2. Establish Clear Boundaries

Since most teenagers want to experience greater independence and selfhood, some will inevitably challenge you in order to test the extent of their power. In these situations, it’s very important to set boundaries in order to maintain a workable and constructive relationship. The boundaries need to be articulated clearly and specifically.

The most effective boundaries (they can also be called ground rules, house rules, team rules, or codes of conduct) are those which are fair, reasonable, and can be applied consistently. If you’ve been dealing with a difficult teen for some time without communicating clear boundaries, state that from this point forward things will be different, and back up your statement with actions.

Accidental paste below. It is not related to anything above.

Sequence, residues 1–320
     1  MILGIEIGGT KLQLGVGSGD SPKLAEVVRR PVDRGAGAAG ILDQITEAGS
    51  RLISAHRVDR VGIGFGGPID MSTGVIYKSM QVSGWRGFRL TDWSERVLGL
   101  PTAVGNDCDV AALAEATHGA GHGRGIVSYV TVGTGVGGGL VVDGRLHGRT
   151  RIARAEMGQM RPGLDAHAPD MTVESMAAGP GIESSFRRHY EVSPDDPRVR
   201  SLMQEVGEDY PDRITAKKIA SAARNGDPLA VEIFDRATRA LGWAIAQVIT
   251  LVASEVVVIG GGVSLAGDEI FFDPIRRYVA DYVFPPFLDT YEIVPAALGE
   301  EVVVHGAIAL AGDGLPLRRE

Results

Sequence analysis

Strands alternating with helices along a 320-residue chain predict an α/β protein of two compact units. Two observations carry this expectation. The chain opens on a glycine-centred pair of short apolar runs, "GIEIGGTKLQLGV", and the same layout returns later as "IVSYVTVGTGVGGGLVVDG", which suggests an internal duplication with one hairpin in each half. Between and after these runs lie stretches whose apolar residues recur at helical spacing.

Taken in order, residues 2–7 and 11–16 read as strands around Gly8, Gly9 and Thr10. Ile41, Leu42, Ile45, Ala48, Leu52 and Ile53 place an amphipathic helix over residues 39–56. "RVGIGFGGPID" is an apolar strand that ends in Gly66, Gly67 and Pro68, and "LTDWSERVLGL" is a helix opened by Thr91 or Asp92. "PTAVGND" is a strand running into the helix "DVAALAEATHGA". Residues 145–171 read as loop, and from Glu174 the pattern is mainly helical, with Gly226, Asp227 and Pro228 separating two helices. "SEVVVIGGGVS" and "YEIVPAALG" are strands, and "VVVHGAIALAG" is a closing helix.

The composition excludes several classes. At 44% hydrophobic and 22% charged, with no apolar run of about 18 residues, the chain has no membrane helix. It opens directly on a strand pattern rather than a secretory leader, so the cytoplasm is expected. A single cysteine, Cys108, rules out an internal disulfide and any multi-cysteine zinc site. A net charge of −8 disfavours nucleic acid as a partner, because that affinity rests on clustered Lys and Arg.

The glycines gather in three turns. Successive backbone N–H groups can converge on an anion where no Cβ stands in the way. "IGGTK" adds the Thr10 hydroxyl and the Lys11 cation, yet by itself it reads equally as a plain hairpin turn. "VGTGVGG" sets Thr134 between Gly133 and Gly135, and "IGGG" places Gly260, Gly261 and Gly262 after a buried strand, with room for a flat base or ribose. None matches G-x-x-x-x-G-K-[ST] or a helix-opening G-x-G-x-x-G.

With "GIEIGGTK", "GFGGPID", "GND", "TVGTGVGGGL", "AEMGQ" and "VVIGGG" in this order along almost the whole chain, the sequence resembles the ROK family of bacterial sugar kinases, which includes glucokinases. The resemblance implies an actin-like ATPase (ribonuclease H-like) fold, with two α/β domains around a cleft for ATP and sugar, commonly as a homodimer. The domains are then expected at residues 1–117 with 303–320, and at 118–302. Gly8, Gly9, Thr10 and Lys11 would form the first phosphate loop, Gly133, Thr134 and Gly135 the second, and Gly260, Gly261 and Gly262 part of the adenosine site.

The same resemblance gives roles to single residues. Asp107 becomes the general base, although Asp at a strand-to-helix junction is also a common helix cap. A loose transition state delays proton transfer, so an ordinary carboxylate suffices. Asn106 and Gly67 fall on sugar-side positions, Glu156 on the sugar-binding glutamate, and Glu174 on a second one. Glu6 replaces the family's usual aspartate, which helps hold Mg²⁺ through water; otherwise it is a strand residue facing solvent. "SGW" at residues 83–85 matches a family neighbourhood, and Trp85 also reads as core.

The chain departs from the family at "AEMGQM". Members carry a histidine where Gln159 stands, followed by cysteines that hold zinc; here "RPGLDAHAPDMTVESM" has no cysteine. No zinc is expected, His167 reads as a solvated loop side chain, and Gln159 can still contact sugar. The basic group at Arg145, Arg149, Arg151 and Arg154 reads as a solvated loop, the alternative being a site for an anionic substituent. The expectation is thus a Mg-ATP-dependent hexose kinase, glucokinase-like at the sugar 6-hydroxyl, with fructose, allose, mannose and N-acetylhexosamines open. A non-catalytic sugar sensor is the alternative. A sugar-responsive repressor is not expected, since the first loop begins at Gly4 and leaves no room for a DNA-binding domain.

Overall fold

The first and foremost boundary in almost any situation is that you will be treated with respect. This means if the teen(s) is respectful towards you, then you will also accord her or him certain respect and privileges.

In addition to respect, and depending on the situation, there may also be a list of interpersonal, family, classroom, team, or employment ground rules. The list of boundaries should be relatively short but clear and indicated in writing whenever appropriate.

Of course, some teenagers may deliberately challenge your boundaries to see if you mean what you say and test how much they can get away with. Should this happen, apply the communication skills and strategies from points #3-7 below as you see fit.

3.  Utilize Assertive and Effective Communication

Author and former presidential speechwriter James Humes noted that: “The art of communication is the language of leadership.” This statement is particularly applicable when it comes to working with and motivating teenagers. When you face a difficult young person, strengthen your position by utilizing assertive communication skills.